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Record Information
Version1.0
Creation Date2009-03-06 18:58:31 UTC
Update Date2016-11-09 01:08:12 UTC
Accession NumberCHEM000266
Identification
Common NameSodium dimethylarsinate
ClassSmall Molecule
DescriptionSodium dimethylarsinate is an arsenic compound used as a drug in veterinary medicine to treat anaemia and eczema.
Contaminant Sources
  • Clean Air Act Chemicals
  • IARC Carcinogens Group 3
  • T3DB toxins
Contaminant Type
  • Arsenic Compound
  • Household Toxin
  • Organic Compound
  • Organometallic
  • Pesticide
  • Synthetic Compound
Chemical Structure
Thumb
Synonyms
ValueSource
((Dimethylarsino)oxy)sodium as-oxideChEBI
((Dimethylarsino)oxy)sodium-as-oxideChEBI
Cacodylate de sodiumChEBI
Cacodylic acid sodium saltChEBI
Dimethylarsinic acid sodium saltChEBI
Hydroxydimethylarsine oxide, sodium saltChEBI
Sodium cacodylateChEBI
Sodium dimethyl arsinateChEBI
Sodium dimethyl arsonideChEBI
Sodium salt OF cacodylic acidChEBI
Cacodylic acid de sodiumGenerator
Cacodylate sodium saltGenerator
Dimethylarsinate sodium saltGenerator
Sodium cacodylic acidGenerator
Sodium dimethyl arsinic acidGenerator
Sodium salt OF cacodylateGenerator
Sodium dimethylarsinic acidGenerator
Chemical FormulaC2H6AsNaO2
Average Molecular Mass159.979 g/mol
Monoisotopic Mass159.948 g/mol
CAS Registry Number124-65-2
IUPAC Namesodium dimethylarsinate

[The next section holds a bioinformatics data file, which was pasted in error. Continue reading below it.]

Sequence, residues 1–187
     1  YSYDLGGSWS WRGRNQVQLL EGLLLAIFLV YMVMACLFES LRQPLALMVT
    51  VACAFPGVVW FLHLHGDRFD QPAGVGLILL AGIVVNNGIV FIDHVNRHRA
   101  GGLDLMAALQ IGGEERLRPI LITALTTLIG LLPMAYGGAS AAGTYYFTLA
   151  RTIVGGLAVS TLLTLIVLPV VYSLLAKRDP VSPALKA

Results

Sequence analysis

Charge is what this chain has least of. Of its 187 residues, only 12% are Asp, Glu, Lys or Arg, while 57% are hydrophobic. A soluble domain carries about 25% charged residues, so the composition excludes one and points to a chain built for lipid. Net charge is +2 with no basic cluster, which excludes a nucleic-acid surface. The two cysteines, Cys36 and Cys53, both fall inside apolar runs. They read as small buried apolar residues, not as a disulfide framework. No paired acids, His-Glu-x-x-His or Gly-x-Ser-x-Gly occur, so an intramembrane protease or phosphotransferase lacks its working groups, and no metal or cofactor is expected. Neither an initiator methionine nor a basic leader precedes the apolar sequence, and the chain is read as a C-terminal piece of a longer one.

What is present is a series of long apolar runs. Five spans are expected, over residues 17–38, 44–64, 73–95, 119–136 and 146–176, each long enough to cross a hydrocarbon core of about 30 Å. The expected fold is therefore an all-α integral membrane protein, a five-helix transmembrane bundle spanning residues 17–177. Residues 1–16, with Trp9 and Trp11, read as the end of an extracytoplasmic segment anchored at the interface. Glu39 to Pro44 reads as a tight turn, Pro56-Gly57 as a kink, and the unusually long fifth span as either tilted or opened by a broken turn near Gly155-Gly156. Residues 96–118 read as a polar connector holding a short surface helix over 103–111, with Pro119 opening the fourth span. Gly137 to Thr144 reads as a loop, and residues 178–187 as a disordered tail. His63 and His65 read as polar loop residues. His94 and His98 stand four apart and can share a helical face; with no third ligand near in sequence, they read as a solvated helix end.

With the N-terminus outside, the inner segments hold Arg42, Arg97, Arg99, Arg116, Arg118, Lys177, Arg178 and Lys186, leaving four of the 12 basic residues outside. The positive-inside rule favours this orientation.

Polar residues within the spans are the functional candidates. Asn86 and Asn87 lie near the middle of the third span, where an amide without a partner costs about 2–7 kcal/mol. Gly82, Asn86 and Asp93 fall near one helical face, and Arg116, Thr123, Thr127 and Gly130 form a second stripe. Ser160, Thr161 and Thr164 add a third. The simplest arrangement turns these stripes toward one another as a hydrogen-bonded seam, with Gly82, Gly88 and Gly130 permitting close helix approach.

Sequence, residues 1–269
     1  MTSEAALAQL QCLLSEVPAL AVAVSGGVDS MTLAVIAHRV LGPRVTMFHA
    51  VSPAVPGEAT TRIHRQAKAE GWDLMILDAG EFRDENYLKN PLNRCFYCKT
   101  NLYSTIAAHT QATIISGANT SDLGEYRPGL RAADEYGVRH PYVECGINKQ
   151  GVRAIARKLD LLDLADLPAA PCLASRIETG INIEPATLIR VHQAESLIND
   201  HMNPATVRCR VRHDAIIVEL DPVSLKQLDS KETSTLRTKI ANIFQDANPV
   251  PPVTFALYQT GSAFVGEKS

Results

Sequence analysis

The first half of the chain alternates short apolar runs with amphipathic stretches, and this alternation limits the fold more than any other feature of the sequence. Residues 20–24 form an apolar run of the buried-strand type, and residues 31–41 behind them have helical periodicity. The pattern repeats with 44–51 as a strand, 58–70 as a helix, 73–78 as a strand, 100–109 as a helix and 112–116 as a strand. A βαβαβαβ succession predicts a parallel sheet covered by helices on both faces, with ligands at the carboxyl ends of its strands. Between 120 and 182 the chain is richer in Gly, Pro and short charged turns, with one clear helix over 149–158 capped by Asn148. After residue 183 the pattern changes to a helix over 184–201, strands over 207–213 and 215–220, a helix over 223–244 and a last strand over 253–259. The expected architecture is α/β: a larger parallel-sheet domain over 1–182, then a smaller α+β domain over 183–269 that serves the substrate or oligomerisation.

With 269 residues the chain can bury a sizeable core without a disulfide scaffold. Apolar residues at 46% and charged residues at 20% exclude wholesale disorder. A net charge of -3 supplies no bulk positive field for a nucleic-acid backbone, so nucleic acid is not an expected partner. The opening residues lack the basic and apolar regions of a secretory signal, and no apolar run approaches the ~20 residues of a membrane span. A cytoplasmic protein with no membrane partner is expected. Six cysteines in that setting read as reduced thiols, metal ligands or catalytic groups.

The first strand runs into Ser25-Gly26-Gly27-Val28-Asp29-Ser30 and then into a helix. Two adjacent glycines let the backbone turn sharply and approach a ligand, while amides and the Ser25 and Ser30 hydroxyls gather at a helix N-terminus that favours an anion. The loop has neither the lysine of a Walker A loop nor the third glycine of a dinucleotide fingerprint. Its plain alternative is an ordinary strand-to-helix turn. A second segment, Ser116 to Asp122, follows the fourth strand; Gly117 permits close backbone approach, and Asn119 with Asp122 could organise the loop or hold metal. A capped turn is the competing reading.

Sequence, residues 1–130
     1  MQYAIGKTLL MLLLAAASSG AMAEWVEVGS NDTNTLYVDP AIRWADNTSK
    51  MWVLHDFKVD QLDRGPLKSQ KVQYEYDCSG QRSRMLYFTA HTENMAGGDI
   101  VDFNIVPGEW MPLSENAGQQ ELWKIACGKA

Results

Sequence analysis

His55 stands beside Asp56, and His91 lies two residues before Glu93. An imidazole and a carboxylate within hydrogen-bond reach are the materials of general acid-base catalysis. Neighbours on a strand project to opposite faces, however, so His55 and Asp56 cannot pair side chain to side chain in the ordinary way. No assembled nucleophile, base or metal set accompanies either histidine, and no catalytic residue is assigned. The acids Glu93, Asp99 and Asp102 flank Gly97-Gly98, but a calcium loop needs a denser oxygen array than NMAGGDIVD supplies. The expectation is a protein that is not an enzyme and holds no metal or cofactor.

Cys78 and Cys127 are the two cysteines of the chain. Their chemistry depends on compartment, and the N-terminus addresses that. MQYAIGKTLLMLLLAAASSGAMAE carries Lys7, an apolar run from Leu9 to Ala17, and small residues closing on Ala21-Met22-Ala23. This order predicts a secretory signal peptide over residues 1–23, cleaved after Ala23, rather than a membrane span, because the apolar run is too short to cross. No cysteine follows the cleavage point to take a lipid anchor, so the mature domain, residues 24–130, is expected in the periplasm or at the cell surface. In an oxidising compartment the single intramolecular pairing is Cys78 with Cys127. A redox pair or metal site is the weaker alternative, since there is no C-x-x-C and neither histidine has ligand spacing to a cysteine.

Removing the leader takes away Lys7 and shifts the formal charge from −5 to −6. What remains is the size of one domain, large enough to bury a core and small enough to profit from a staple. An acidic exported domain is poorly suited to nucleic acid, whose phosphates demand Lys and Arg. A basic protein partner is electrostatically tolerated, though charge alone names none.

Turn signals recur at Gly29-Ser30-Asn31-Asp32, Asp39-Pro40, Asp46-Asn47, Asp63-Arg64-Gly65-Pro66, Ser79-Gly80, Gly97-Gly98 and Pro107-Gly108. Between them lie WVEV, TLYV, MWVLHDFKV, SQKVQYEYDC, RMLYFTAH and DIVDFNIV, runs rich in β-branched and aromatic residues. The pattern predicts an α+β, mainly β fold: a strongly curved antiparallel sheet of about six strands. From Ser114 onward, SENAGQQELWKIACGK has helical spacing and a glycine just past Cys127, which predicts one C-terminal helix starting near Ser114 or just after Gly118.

Traditional Namecacodylic acid sodium salt
SMILESC[As](C)(=O)O[Na]
InChI IdentifierInChI=1S/C2H7AsO2.Na/c1-3(2,4)5;/h1-2H3,(H,4,5);/q;+1/p-1
InChI KeyIHQKEDIOMGYHEB-UHFFFAOYSA-M
Chemical Taxonomy
Description belongs to the class of organic compounds known as pentaorganoarsanes. These are organoarsenic compounds containing an arsenic compound that is pentasubstituted by only organic groups.
KingdomOrganic compounds
Super ClassOrganometallic compounds
ClassOrganometalloid compounds
Sub ClassOrganoarsenic compounds
Direct ParentPentaorganoarsanes
Alternative Parents
Substituents
  • Pentaorganoarsane
  • Alkylarsine oxide
  • Oxygen-containing organoarsenic compound
  • Organic alkali metal salt
  • Organic metalloid salt
  • Organic oxygen compound
  • Organopnictogen compound
  • Organic oxide
  • Hydrocarbon derivative
  • Organic sodium salt
  • Organic salt
  • Aliphatic acyclic compound
Molecular FrameworkAliphatic acyclic compounds
External Descriptors
Biological Properties
StatusDetected and Not Quantified
OriginExogenous
Cellular Locations
  • Cytoplasm
  • Extracellular
Biofluid LocationsNot Available
Tissue LocationsNot Available
PathwaysNot Available
Applications
Biological RolesNot Available
Chemical Roles
Physical Properties
StateSolid
AppearanceColorless or light yellow solid.
Experimental Properties
PropertyValue
Melting Point200°C
Boiling PointNot Available
Solubility2000 mg/mL at 25°C [TOMLIN,C (1997)]
Predicted Properties
PropertyValueSource
Water Solubility81.5 g/LALOGPS
logP0.02ALOGPS
logP0.68ChemAxon
logS-0.29ALOGPS